Surviving spouses must show that their spouse died as a result of a wound, injury or illness incurred in the line of duty while deployed (or while forward deployed for civilian employees) on or after September 11, 2001, and provide proof of relocation from the service member's or civilian employee's primary residence within two (2) years of the death of their spouse.

4.�� �What are the requirements for those service members or civilian employees subject to the 2005 BRAC?

Service members, civilian employees and employees of non-appropriated fund instrumentalities must show:

  • Purchase of their primary residence occurred prior to May 13, 2005 (date of the BRAC 2005 announcement),
  • On May 13, 2005, they were assigned to an installation or unit identified for closure or realignment under BRAC 2005,
  • Their position was eliminated or transferred and they accepted employment, or were required to relocate due to the transfer, beyond normal commuting distances (50 miles) from their primary residence, and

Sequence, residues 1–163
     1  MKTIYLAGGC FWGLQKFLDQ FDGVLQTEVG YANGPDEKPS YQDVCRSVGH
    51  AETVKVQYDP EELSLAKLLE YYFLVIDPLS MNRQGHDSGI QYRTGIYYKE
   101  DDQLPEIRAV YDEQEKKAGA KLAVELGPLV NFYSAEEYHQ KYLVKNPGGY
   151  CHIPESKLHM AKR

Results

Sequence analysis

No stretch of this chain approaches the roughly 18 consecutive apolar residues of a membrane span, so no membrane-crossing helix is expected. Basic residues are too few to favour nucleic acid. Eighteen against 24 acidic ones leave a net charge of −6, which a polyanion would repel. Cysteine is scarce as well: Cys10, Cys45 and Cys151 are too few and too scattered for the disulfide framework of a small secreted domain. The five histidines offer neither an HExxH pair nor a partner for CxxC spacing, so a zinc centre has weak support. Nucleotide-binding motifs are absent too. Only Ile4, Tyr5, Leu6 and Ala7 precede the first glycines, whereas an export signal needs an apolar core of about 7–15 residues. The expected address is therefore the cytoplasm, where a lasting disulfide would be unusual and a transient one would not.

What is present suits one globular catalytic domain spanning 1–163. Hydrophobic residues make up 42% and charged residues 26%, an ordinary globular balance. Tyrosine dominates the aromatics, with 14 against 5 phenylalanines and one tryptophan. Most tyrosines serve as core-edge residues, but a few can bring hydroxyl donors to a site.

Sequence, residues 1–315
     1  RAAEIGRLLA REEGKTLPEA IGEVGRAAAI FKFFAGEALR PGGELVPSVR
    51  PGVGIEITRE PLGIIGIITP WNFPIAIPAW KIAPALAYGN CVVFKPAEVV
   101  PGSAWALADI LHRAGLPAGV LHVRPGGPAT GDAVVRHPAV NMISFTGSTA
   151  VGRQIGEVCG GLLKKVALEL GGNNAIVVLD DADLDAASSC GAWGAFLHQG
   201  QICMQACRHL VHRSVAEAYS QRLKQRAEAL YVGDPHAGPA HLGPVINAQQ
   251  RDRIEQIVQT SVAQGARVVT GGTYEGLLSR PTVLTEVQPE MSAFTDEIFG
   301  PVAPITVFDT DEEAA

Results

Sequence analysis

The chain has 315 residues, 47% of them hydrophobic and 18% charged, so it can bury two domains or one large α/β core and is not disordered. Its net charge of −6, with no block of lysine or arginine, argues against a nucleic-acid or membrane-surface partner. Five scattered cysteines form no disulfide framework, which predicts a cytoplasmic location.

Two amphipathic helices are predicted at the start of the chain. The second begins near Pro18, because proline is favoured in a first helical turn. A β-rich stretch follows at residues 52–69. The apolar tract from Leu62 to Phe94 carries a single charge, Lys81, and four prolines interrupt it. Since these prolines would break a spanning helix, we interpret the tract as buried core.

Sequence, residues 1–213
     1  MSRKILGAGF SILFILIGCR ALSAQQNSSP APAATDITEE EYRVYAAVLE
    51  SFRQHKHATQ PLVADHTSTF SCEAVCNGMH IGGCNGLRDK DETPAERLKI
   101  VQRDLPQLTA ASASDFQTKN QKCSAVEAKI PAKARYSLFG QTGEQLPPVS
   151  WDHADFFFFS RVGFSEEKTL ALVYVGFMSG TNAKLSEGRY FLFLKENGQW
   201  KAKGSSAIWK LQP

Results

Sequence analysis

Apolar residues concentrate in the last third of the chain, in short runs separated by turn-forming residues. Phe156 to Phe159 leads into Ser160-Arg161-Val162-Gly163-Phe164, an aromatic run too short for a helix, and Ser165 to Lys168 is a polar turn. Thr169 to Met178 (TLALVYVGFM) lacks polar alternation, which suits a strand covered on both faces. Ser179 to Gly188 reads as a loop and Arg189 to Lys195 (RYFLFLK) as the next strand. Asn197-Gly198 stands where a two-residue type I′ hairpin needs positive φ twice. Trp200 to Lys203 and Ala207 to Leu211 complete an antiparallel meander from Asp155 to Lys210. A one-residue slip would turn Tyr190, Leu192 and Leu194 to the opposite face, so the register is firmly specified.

• A home value loss of 10% was suffered between July 1, 2006 and the date of application for Expanded HAP benefits in the county/city/parish where the primary residence is located, and a decline of at least 10% personal home value loss from the date of purchase to the date of sale.

5.�� �What are the requirements for those subject to PCS orders?

PCS refers to the assignment or transfer of a service member to a different permanent duty station ("PDS"), which includes relocating to a place of retirement, pursuant to an order which does not specify the duty as being temporary, provides for further assignment to a new PDS, or directs the service member to return to the old PDS.

To qualify, the service member must show:

  • They owned the home prior to July 1, 2006,
  • The property was your primary residence
  • PCS orders dated between February 1, 2006 and September 30, 2010, and said orders must specify a report-no-later-than date of on or before February 28, 2010,